The first images of Viking treasure, stashed in a pot more than 1,000 years ago and buried in a field in Galloway, have been made public by the conservators working to preserve them. The items, including six silver disk brooches, a gold ingot and Byzantine silk, are not currently on display.
Metal detectorist Dered McLennan found the hoard in Galloway in 2014. Since then a lot of effort has been put into removing and preserving the pot and items, dated from the 9th or 10th century BC.
And it’s a literal pot of gold. Inside, archaeologists found six silver Anglo-Saxon disc brooches and one from Ireland, silk traced back to Byzantium (modern-day Istanbul,) a gold ingot as well as gold and crystal objects carefully wrapped in pieces of cloth. Historic Environment Scotland are working together with the Treasure Trove Unit and the Queen’s and Lord Treasurer’s Remembrancer (QLTR) to fund the exhaustive conservation efforts.
“Before removing the objects we took the rather unusual measure of having the pot CT scanned, in order that we could get a rough idea of what was in there and best plan the delicate extraction process,” said Richard Welander of Historic Environment Scotland.
“That exercise offered us a tantalising glimpse but didn’t prepare me for what was to come.”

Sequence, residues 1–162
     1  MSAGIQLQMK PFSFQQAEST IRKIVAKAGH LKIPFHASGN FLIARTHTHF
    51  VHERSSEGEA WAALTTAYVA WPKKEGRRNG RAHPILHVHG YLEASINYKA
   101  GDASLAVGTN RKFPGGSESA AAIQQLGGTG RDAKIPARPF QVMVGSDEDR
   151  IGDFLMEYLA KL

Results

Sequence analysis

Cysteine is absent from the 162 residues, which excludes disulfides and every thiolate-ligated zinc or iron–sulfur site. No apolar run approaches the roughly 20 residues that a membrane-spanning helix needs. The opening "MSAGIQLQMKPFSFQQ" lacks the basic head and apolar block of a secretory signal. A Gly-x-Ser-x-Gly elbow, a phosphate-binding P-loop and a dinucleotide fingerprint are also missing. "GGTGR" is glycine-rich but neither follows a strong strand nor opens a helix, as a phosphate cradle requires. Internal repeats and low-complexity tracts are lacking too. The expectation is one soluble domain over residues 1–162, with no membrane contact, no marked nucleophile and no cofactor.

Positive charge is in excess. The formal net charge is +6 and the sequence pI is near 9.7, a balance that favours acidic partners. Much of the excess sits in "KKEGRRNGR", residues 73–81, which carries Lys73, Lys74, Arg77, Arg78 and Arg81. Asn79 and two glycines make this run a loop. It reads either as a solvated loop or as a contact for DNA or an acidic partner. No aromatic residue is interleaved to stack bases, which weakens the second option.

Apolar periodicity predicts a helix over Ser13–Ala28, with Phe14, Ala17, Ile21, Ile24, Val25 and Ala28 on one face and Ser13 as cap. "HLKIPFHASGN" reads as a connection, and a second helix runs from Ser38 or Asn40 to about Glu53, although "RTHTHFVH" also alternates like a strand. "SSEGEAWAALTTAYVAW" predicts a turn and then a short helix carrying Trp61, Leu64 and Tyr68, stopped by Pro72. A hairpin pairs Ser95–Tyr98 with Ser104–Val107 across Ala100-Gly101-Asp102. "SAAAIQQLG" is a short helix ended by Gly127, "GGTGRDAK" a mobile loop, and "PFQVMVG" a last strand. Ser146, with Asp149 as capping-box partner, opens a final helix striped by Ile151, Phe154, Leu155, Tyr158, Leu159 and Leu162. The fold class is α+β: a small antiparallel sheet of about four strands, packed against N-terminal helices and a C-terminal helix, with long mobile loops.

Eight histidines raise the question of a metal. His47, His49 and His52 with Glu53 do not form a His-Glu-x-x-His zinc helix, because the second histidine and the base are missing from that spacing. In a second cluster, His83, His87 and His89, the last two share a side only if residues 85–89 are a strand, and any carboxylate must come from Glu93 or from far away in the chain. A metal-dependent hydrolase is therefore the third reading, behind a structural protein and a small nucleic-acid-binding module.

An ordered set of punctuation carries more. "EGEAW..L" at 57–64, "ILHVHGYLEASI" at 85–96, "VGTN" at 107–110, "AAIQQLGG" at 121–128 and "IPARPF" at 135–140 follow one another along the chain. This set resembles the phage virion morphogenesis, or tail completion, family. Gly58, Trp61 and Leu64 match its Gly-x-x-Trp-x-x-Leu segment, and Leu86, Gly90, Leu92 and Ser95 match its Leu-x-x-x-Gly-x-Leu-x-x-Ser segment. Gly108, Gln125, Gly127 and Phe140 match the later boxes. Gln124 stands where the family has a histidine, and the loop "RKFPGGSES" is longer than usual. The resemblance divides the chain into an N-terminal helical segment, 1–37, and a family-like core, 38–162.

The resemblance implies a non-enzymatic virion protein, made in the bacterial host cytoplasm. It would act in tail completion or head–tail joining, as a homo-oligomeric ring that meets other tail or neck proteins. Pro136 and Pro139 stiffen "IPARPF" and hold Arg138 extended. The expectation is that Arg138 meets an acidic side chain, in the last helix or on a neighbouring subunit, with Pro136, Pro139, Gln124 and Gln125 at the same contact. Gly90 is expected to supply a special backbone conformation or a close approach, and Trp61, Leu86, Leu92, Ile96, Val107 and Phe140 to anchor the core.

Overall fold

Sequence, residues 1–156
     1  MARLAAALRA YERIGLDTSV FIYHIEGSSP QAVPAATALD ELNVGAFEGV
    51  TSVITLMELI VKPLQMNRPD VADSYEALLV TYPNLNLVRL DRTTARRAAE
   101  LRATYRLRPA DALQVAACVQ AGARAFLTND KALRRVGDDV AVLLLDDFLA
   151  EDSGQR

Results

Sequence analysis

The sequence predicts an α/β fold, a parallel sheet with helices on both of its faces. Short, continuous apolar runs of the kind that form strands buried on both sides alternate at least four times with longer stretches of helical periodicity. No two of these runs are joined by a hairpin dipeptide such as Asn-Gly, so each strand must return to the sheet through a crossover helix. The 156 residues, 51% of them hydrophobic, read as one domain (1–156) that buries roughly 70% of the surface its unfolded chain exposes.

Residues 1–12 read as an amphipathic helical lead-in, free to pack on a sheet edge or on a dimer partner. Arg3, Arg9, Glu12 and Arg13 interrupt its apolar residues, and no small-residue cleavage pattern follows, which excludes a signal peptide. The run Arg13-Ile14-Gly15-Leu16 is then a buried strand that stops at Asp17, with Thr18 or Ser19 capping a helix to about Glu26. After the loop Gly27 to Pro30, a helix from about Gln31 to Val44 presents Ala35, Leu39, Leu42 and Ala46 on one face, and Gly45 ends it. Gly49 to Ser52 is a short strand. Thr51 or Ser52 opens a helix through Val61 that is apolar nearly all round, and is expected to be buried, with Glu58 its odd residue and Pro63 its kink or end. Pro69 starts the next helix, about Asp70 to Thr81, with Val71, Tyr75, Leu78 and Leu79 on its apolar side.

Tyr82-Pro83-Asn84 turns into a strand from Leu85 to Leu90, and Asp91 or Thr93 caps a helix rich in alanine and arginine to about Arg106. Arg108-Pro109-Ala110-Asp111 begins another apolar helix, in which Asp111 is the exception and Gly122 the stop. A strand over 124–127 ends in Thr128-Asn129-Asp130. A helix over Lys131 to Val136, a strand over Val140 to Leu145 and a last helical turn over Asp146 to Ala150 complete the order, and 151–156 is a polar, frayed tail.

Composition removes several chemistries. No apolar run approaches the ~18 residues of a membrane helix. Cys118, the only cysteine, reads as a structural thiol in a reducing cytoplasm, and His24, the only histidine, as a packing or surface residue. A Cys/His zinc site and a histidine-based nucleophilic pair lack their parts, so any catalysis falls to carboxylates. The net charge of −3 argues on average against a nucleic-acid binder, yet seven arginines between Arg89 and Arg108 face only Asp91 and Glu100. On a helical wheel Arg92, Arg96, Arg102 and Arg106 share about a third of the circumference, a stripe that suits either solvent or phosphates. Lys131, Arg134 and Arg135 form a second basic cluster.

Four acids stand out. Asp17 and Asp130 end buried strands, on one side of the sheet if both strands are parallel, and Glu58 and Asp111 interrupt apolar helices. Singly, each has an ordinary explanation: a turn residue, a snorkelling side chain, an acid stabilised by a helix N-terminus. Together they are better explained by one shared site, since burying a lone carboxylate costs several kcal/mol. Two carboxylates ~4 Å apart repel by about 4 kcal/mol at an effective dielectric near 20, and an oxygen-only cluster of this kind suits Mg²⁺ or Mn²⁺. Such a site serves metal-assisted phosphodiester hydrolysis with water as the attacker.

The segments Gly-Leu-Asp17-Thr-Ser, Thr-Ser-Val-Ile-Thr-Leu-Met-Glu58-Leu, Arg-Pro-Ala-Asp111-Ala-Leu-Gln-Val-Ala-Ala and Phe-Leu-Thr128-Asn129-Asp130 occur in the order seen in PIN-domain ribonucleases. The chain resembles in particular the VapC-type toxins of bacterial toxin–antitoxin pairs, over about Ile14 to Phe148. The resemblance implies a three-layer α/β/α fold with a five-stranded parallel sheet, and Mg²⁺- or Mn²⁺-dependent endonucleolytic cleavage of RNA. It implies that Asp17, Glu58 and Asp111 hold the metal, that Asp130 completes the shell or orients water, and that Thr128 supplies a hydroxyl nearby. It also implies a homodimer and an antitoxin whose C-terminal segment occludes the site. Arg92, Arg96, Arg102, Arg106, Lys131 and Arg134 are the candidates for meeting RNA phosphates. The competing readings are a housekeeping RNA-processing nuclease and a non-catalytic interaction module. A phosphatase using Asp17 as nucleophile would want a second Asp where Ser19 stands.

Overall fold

“These stunning objects provide us with an unparalleled insight to what was going on in the minds of the Vikings in Galloway all those years ago. They tell us about the sensibilities of the time, reveal displays of regal rivalries, and some of the objects even betray an underlying sense of humour, which the Vikings aren’t always renowned for!” he added.
Stuart Campbell of the Treasure Trove Unit, said there was further research to be done on the items.
“The complexity of the material in the hoard raises more questions than it answers, and like all the best archaeology, this find doesn’t give any easy answers,” he said.
“Questions about the motivations and cultural identity of the individuals who buried it will occupy scholars and researchers for years to come.”
The artifacts are now in the care of the Treasure Trove Unit, who are assessing its value on behalf of the QLTR. After this, the hoard will be offered to Scottish museums and the finder will be eligible for the market value of the items — a cost that the museums will cover.
However, it’s been estimated that this might amount up to £1m in order to do so — a hefty price-tag for any museum.
The hoard’s discovery is also set to feature on the 24th of March in BBC’s latest episode of Digging for Britain hosted by Dr Alice Roberts.